Japan’s Public Opinion on Hostages and Abe

Regarding ISIS’ abduction of two Japanese citizens, quite a few Japanese people blame the hostages unlike the ordinary Western reactions. They are scathing about hostages for their “reckless” and “selfish” actions to visit battlefield in Syria regardless of the official advice on the danger there issued by Japanese government. Usually, the Western public opinion only criticises terrorists and dirty deed of kidnapping; but nevertheless, a completely different response has been observed in Japan. A thread on a BBS related to ISIS even carried a statement reportedly in the name of ISIS saying that Japanese have no mercy on the hostages. However, this kind of Japanese reaction does not mean that they are just cold-blooded without benevolence.

Most of those who blame hostages mention self-responsibility. They maintain that two Japanese hostages went to Syria although Japanese government most strongly recommended its nation not to visit there and these two are now facing their consequences. Additionally, they explain that freedom requires responsibility. Indeed, Japanese government advice its nation to avoid going to Syria and Iraq for any reason; but it is merely recommendation, not a ban because Japan is a free country which also make a point on freedom of transfers and travels. Concerning the article 22 of Constitution of Japan, the government cannot legally forbid any Japanese citizens to visit certain countries or areas. Therefore, every Japanese person has a right to go to every country in the world including Syria and Iraq; however, as mentioned above, freedom definitely requires responsibility. It is a fact that Japanese government demands its citizens to prevent themselves from visiting these countries. In fact, the Ministry of Foreign Affairs of Japan (MOFA) rates Syria as danger level four out of four; one of the most dangerous counties in the world. In fact, Goto stressed his self-responsibility on his own video before he got caught by ISIS; he exaggerated that “whatever happens, this is my responsibility” to visit Syria. It is, on the one hand, legal for you to go to Syria concerning Japanese laws, but on the other hand, you should account for your own decision since you are once cautioned about the dangerous situations there.

The reason why self-responsibility is considered as the most significant ground to blame hostages is Japanese ethics which strictly deny bothering the other people. In this case, these two hostages made many people get involved in the huge trouble which even influenced politics. The ethics encourage helping people, not relying on people; besides it has distaste for having troubled other people. For instance, Yukawa’s father apologised to “everyone” for the huge trouble which his son has caused. Therefore, viewing from this standpoint, these two hostages were against the Japanese ethics.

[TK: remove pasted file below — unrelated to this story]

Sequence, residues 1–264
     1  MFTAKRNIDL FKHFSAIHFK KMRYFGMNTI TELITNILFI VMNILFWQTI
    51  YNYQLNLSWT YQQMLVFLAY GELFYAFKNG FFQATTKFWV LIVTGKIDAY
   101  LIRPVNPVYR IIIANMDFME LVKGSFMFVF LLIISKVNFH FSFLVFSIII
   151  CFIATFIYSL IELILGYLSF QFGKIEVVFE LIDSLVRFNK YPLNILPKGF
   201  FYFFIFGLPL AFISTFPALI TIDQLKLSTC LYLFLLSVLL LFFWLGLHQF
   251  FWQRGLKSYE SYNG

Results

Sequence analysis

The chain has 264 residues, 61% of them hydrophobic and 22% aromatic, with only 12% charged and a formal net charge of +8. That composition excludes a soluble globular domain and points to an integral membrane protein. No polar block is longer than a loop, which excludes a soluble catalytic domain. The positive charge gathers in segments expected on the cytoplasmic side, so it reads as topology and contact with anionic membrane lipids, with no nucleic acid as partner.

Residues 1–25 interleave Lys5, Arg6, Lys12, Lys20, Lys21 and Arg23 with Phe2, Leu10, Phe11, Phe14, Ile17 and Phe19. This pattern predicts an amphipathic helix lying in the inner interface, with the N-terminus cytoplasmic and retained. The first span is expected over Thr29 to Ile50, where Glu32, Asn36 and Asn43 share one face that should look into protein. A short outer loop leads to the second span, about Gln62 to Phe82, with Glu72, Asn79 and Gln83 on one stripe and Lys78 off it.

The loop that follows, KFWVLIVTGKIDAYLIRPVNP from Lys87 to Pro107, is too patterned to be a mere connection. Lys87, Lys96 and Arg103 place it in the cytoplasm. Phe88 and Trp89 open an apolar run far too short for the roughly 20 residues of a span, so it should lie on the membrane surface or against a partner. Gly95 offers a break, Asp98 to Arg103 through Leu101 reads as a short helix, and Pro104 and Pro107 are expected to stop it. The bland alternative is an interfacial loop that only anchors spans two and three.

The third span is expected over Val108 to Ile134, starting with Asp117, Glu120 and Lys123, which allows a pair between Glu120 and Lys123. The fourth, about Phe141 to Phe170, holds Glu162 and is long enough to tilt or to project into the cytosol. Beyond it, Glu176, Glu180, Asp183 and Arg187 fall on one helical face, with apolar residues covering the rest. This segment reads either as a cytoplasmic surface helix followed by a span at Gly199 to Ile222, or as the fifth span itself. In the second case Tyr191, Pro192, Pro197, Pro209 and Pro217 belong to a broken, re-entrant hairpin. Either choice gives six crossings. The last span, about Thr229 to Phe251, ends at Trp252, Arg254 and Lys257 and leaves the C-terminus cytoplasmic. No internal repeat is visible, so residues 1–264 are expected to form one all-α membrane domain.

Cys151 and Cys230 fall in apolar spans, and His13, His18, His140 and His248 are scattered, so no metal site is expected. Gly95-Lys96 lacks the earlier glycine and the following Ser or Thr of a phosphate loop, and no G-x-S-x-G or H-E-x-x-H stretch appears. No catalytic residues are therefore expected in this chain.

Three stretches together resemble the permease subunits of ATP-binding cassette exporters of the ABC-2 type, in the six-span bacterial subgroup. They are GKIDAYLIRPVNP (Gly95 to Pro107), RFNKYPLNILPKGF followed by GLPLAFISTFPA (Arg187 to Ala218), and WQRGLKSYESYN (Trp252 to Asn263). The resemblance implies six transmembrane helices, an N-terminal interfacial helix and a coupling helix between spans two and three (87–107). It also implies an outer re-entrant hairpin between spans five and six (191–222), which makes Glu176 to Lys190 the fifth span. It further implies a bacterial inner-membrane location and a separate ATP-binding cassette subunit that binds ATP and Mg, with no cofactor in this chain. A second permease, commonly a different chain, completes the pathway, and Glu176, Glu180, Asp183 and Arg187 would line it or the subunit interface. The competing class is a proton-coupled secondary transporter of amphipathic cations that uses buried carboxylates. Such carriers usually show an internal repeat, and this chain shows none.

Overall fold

Moreover, there is another reason why Japanese seem to have little sympathy for the hostages; that is because of the progress of Haruna Yukawa’s visit to Syria and the hidden speech of Kenji Goto’s mother. As for Yukawa, he was the CEO of a private military company as the media reported. For most Japanese people it appeared to be thoughtless and even stupid because he had no experience in any military including Japanese Self-Defence Force. Also, the reason why he began his company was because he wanted to restart his life with a new excitement. Most Japanese thought his reason lacked enough persuasion, making him some kind of reckless debauchee who does not have any idea on conflicts or war. In addition, Japanese ethics detest earning money by helping kill people. This kind of occupation would never be respected. In the meantime, Goto basically gets Japanese sympathy, but his mother is a leftist to the core, which might also lower the image of her son. At the press conference she held, she mentioned nuclear plant and nuclear power so many times although it was held to express her feeling and ask ISIS to release hostages. The media reported her as if she only talked about her grief and strong will for her son’s free, but she actually expressed another message: anti-nuclear. Abe’s nuclear policy has completely nothing to do with this incident. Some Japanese had an impression of disagreement with her mother’s way and view of this political argument. It was much better for her not to refer the other topics.